White House Official: Obama Yet to Rule Out Syrian Intervention

Opaque comments comes amid reports of a new offensive by Syria's military.

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Fighters from the Syrian opposition guard a checkpoint during clashes with forces loyal to President Bashar al-Assad in the center of Syria's northern city of Aleppo.

A senior White House official says President Barack Obama has yet to rule out sending U.S. military forces to quell Syria's bloody civil war.

John Brennan, the White House's top homeland security and counterterrorism official, also says Syria is "awash" in weapons despite rebel leaders' claims that Washington and its allies aren't doing enough to aid their violent struggle against Bashar al-Assad's military.

Syrian rebels are increasingly expressing frustration with the United States for providing little more than rhetorical support and repeated statements that Assad should relinquish power.

For months, numerous media reports have described significant amounts of weapons from Saudi Arabia and other Sunni regional powers falling into the possession of rebel forces.

[Photo Gallery: Syrian Rebellion Gains Momentum.]

But one senior Syrian opposition leader told U.S. News & World Report this week that's not the case. "Zero, zilch, nada," the source says when asked to describe the quantity of weapons other nations have supplied. "It's really embarrassing for those nations. We've received nothing significant from any nation."

But Brennan told a lunch-hour forum in Washington that Syria "is awash in weaponry." Anyone who tunes into an evening newscast will see that, Brennan said, noting rebel factions have benefited from former Assad military members defecting to the opposition's ranks and taking their weapons with them.

So far, the United States has resisted pleas from some opposition leaders to join the fighting or provide weapons.

The Obama administration has said for months that further militarizing the situation would only make things worse for the Syrian people. Brennan sounded that tone again on Wednesday, saying direct U.S. involvement might "increase the bloodshed."

Still, when pressed during the forum at the Council on Foreign Relations, Brennan was blunt: "I don't recall the president ever saying anything was off the table." To that end, Obama "has kept us quite busy" examining numerous options that would tip the balance once and for all toward rebel forces, Brennan said.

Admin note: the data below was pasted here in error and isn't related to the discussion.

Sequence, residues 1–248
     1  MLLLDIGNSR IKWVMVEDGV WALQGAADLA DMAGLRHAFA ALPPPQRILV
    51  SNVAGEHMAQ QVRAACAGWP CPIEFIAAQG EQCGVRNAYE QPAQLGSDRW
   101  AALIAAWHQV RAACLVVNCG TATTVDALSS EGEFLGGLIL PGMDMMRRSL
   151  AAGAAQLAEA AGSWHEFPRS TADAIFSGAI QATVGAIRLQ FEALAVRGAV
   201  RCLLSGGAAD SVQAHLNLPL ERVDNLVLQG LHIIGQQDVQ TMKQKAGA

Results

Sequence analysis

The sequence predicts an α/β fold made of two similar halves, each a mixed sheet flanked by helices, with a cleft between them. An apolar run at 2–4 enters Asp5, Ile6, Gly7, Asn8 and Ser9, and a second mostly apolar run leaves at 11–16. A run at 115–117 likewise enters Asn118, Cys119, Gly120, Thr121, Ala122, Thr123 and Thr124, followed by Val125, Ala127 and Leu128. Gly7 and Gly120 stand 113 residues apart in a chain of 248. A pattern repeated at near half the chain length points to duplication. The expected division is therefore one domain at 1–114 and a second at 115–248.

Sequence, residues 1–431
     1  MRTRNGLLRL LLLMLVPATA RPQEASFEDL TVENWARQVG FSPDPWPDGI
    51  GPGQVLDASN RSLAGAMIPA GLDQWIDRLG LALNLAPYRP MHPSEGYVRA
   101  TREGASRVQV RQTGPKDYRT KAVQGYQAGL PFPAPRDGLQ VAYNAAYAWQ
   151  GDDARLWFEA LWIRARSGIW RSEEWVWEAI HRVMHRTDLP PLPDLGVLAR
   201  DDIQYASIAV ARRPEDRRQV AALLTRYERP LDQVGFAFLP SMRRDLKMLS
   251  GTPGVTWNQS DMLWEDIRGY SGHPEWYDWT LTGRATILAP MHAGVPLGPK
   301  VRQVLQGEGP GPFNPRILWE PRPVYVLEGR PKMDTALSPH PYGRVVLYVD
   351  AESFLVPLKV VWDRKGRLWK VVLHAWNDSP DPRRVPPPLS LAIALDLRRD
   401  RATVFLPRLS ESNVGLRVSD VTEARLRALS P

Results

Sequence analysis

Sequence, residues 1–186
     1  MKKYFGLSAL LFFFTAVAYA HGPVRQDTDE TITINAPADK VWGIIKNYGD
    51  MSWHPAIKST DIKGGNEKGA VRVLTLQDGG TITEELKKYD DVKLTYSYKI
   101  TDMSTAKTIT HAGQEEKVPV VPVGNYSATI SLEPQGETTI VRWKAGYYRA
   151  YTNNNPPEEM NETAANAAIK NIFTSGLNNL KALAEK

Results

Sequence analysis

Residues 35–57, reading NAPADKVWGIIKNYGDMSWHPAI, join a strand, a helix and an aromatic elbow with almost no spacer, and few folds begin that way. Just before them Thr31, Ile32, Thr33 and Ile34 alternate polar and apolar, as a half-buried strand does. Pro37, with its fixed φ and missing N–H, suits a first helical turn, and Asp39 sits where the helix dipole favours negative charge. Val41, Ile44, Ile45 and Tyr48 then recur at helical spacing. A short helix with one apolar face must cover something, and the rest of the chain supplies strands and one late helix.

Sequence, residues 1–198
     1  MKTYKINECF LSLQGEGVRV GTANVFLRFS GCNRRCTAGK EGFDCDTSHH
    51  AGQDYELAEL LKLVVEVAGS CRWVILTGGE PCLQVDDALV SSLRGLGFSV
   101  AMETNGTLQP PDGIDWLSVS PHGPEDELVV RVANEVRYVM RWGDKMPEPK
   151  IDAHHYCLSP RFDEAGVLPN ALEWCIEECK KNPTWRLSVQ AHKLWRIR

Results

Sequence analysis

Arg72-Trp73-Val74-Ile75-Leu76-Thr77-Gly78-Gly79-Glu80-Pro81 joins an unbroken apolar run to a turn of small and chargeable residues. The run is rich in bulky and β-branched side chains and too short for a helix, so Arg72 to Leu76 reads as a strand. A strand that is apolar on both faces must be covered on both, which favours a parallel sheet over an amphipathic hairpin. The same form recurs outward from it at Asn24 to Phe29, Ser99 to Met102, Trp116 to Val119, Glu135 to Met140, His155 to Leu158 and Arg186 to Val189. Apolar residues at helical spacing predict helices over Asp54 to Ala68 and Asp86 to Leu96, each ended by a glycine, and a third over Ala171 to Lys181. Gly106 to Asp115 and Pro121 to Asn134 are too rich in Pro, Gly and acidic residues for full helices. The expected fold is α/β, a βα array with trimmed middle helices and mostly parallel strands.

The White House official's opaque statement came amid reports from the region that Assad's forces have launched a new ground offensive.

The Associated Press reported Wednesday that Syrian military forces had regained control of the key city of Aleppo, with rebel forces taking on heavy losses.

Meantime, Brennan said Washington has "done a number of things" to assist the rebels, such as sending communications gear and other equipment. But an opposition leader told U.S. News & World Report earlier this week that Washington has yet to send such items in the numbers initially promised.

For some time, the White House has express concerns about just who makes up the opposition. State Department officials have warned al-Qaeda operatives are among those battling Assad's military, and Washington is hesitant about helping its arch nemesis gain a foothold in another nation in the Middle East.

But Brennan attempted to douse such talk with cold water, saying the latest data the Obama administration has gathered on opposition elements shows few are "al-Qaeda types." Most, he said, are "ordinary Syrians."

Brennan did acknowledge the terror syndicate has a presence in Syria, saying it aligns with their longtime modus operandi of "trying to take advantage of lawlessness" and nations undergoing political change.

Opposition leaders, however, have indicated in recent days they will not embrace al-Qaeda as a permanent player in their country, Brennan said.

John T. Bennett covers national security and foreign policy for U.S. News & World Report. You can contact him at jbennett@usnews.com or follow him on Twitter.

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